Seitan – one of the most commonly used meat substitutes. In the production process, starch is sluiced out of the flour, which deprives seitan of nutrients (it consists of almost 100% gluten). Its popularity is definitely due to its texture: fibrous and spongy, deceptively similar to meat.
Jackfruit – its content of vitamins, antioxidants and mineral salts makes jackfruit a great substitute for meat, especially pulled pork, which is why jackfruit is widely used in Mexican dishes.
Tempeh – fermented soybeans, usually formed into cubes resembling tofu. Originating in Indonesia, however, tempeh is a better alternative to tofu because of its high iron and magnesium content, as well as nutty and mushroomy flavor.
Yuba – a soy-based meat substitute made from curd that floats on the surface of boiled soy milk. Yuba is becoming increasingly popular, and it can be purchased dried straight from Asian producers. After softening in water it is usually fried, which gives it a characteristic crunchy texture.
Robi – the latest substitute for animal products, developed in the Czech Republic. It consists of wheat protein, but also beetroot, spices and natural colorings. Its advantage is that it is very simple to prepare. In stores you can find it in the form of ready to heat products.
Aviko's Plant Based Chicken Pops are made from a combination of wheat, pea and soy proteins, most similar to tofu and robi. This unique combination replicates the texture of chicken, providing great satisfaction to those customers who are vegan, vegetarian or are just curious and wanting to try something different.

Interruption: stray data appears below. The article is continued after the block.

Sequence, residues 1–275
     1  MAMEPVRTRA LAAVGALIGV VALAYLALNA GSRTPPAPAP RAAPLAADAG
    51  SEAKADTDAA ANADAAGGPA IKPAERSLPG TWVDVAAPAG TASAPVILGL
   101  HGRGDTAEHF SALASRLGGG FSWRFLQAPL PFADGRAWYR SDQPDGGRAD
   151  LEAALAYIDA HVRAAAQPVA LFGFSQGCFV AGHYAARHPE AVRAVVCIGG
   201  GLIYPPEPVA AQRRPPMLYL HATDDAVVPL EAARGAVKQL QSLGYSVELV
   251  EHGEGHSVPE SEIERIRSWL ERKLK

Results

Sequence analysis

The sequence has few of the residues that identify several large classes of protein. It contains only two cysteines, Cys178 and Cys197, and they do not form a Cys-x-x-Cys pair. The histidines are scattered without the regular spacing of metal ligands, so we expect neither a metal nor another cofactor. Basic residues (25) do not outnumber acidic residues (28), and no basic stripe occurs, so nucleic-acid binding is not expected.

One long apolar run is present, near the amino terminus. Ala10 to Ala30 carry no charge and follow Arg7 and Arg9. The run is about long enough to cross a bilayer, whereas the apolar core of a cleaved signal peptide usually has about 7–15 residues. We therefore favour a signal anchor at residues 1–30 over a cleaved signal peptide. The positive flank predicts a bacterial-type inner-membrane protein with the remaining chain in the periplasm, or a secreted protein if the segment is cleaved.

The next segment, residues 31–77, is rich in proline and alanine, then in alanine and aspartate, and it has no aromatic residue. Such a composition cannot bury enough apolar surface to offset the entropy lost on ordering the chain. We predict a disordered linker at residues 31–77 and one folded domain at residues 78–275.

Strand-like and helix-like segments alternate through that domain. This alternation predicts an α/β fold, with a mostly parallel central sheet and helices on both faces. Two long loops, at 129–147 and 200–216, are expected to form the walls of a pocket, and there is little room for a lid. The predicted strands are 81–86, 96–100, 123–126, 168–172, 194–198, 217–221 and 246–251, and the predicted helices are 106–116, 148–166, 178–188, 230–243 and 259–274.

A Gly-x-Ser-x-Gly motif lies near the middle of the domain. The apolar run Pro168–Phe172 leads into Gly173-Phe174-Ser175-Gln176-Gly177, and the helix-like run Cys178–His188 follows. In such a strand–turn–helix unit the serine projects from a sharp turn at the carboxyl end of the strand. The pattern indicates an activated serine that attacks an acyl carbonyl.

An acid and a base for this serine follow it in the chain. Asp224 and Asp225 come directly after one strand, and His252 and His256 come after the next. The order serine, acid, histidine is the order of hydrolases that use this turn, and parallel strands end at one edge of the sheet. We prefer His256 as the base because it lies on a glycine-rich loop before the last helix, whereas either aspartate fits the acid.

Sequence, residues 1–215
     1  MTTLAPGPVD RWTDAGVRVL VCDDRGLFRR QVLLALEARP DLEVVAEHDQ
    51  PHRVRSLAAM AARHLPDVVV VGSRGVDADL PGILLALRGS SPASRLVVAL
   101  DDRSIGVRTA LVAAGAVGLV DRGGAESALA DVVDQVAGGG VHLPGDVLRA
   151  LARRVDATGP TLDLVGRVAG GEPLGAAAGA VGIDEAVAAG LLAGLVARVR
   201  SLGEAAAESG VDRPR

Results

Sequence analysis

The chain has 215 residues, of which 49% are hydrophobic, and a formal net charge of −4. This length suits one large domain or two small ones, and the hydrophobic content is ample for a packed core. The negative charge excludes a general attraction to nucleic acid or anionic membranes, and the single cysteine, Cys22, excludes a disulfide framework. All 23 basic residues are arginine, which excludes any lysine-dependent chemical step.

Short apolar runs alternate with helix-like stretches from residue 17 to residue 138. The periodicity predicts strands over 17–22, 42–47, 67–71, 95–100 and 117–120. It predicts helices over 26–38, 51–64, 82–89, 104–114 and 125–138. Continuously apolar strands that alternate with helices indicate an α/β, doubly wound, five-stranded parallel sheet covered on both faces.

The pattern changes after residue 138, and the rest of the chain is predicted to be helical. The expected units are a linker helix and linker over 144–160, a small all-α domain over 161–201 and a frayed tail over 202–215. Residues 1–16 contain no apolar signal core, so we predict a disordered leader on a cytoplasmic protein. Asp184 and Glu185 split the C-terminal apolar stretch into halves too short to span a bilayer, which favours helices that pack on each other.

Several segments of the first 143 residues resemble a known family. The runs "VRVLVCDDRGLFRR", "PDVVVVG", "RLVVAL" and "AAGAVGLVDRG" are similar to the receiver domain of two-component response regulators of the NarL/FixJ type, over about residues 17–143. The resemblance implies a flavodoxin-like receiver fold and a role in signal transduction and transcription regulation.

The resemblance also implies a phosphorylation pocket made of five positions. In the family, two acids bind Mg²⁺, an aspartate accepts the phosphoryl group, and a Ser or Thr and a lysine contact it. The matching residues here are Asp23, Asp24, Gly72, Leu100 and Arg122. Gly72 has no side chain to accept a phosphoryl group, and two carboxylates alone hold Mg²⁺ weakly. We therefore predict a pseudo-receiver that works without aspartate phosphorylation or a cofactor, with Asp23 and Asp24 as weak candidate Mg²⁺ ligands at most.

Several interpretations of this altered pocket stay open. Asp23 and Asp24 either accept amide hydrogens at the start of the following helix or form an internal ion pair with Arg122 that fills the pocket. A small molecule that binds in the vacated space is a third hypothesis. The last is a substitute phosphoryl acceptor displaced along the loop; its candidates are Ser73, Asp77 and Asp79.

Meatless meat saves the planet
Plant-based meat is a great alternative for people who choose to switch to plant-based products, but don't want to give up the taste and texture of meat in their daily meals. However, "meatless meat" also has more benefits. Its environmental impact - while noticeable - is incomparably less compared to that of traditional meat.
Studies have shown that between 7500-30000 liters of water are used to produce a pound of beef, while only 1000 liters are needed to produce a pound of tofu. In 2020, the Frontiers in Sustainable Food Systems Journal noted that "replacing meat with its plant-based alternatives would theoretically free up farmland to feed more people or provide other ecological services, such as reforestation."
Is plant-based meat worth embracing?
The need for a healthy lifestyle, exacerbated by the pandemics, as well as concerns about climate change mean that plant-based products will become an increasingly desirable component of menus, especially for Generation Z and millenials. Here are 5 advantages of introducing "meatless meat" to your menu:
Plant-based “meat” = income. In recent years, a delivery company DoorDash has seen a 433% year-over-year growth in the plant-based burger category, as has its competitor, GrubHub. A survey conducted by Impossible Foods showed that 63% of people who have tried the brand's plant-based burgers would like to eat at an establishment that offers them.